If you weren’t paying attention, you might not have noticed our stumble into a black renaissance in entertainment, and overall started to change our ways of thinking as a culture. These are of course, two separate points, but they often work best in unison. I’ll get to that point later, but first, black media is changing. In some way or another. Most all media platforms stand on the backs of black culture. Not all of course, but prominent platforms in American history. Hell, jazz music alone could write a book on how it influenced American culture from its humble black beginnings. But look around at how we are represented. Listen to the voices screaming into the void, hoping to be heard, and you’ll notice. Something is a little different. 

In an interview with Charlamagne tha God on the series “Emerging Hollywood”, Trevor Noah makes a comment that, for a long time, adding a black person or story or point of view, was treated like charity. “Hey, why don’t you add a black character? That’d be nice, wouldn’t it?” There is definitely a disconnect along cultural lines. And I do mean cultural, not racial. A black man most likely can’t tell a black woman’s story the same way a black woman can, and vice versa. But for a long time, it seemed like everyone’s story was being told from one point of view. This is believed to have a lot to do with, as Mr. Noah put it, “the gatekeepers”. Hollywood’s proverbial judge of all things art. Is this worth writing or reading. Is it worth filming or watching. Is your art valuable to me, says the judge. But as times change, and art transcends its limitations, the power is, in a way, being put back in the hands of the artist. And black artist, musicians, filmmakers and such, are taking advantage of new technology.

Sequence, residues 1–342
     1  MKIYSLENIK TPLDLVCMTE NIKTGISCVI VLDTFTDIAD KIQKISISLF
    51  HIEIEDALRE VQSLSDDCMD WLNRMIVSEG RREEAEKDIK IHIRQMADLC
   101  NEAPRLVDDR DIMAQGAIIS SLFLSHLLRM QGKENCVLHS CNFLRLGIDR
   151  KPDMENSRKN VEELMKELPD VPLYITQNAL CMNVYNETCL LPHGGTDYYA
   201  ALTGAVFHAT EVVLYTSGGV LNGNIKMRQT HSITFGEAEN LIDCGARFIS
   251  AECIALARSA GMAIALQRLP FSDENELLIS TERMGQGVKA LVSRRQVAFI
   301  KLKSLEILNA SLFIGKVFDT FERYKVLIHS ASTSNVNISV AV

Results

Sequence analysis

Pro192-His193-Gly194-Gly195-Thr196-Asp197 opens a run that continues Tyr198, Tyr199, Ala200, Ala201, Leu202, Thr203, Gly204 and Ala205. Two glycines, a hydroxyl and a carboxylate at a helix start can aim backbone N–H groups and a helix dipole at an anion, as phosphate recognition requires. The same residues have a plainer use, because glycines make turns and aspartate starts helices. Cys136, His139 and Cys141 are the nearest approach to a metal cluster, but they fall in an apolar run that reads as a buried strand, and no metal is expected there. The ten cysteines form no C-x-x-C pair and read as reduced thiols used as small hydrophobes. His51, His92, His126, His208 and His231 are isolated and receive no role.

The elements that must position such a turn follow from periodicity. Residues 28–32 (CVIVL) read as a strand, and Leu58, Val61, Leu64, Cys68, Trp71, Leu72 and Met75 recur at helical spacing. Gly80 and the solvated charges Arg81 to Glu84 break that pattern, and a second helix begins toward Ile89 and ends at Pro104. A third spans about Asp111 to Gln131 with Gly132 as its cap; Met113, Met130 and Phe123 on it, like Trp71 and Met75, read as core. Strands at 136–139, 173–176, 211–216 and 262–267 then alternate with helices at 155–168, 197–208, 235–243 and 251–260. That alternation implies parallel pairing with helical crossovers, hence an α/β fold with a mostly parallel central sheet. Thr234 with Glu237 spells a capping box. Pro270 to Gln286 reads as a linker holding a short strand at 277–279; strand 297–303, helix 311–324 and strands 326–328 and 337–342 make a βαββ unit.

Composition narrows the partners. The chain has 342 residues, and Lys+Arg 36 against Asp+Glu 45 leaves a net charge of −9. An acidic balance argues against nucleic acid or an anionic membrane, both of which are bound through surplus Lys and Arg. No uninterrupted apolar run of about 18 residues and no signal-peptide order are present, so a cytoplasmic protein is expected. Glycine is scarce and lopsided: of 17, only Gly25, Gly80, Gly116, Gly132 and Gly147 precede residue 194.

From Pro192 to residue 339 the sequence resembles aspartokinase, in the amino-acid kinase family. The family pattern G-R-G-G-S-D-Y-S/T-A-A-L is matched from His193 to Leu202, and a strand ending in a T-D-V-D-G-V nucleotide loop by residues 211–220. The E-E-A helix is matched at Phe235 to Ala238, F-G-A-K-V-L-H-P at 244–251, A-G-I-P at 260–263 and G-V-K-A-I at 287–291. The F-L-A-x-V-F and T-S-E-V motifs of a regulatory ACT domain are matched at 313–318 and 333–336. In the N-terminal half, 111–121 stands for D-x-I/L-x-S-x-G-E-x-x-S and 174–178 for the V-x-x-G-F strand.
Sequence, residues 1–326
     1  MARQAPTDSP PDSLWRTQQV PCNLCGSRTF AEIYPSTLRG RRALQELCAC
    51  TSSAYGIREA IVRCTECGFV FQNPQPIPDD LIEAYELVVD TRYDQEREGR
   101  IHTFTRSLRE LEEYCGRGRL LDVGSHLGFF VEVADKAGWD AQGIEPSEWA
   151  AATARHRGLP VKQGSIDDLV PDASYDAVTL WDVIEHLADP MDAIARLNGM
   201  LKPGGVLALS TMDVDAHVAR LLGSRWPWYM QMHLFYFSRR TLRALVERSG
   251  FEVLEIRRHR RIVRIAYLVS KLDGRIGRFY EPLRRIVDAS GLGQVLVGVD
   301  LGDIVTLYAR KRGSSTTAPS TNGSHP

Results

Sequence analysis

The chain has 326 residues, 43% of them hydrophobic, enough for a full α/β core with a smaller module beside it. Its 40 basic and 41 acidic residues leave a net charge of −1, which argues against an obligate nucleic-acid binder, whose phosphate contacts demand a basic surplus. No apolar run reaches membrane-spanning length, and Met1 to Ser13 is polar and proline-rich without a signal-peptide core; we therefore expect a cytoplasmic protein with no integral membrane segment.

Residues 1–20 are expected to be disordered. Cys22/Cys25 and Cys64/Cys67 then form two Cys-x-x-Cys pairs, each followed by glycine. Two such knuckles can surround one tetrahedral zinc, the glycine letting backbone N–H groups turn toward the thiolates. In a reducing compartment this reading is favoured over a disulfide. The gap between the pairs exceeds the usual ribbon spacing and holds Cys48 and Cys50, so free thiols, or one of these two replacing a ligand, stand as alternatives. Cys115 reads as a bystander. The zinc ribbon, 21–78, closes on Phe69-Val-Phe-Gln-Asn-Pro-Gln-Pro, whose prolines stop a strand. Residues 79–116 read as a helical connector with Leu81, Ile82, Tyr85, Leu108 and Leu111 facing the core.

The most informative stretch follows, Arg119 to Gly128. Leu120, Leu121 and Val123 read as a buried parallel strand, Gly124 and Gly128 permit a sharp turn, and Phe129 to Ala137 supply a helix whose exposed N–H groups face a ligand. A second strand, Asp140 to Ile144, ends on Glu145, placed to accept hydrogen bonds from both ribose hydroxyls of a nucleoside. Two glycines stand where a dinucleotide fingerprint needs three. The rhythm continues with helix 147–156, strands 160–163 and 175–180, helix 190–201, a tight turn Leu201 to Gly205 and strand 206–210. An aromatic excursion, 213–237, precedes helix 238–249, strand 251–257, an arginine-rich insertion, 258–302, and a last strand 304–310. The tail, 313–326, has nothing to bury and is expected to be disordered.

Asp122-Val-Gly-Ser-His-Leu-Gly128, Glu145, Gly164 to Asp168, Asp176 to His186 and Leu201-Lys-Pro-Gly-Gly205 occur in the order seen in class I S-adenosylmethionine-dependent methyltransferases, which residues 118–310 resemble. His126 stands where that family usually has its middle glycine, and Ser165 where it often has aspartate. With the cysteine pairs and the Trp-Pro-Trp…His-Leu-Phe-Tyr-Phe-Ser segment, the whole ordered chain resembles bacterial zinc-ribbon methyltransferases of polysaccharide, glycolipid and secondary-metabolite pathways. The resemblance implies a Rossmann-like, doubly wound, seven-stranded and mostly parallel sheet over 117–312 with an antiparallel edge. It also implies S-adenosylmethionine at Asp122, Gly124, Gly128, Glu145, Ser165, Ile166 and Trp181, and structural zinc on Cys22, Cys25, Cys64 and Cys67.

Sure there’s the obvious examples like Chance the Rapper who made his mainstream success without the need of a record label contract, and has still prospered as an artist. Or another example like Jordan Peele, who, after a successful TV show on Comedy Central, was able to spin that success into successful and original horror movies that were well received by fans and critics. But then you have names like Ava DuVernay, who wrote and directed the mini series, When They See Us. A series that has stirred up more than its own share of controversy in the past couple months. There’s also Stefon Bristol, the director of See You Yesterday, an interesting sci fi story of family, and time travel. Staring, of course, black lead actors. David Crownson and courtland Ellis, author and director of Harriet Tubman Demon Slayer, probably the coolest comic you’ll ever read. As well as Kwanza Osajyefo, Tim Smith, and Jamal Igle’s Black. A comic about a world of super powered black people.

The point of this article is just bring awareness of the motion in progress, but to keep the momentum rolling. Not just give praise to successful artist but encourage new artists to take the torch further. And not just for black people, but for all minorities. This uprise shows that there is a market for the stories we want to tell as the notoriously disenfranchised. The catch is, we can’t brush it off as just another piece of media. We can’t be afraid of new and unfamiliar content. And most importantly, we need to remember that our stories, our voices, our lives matter.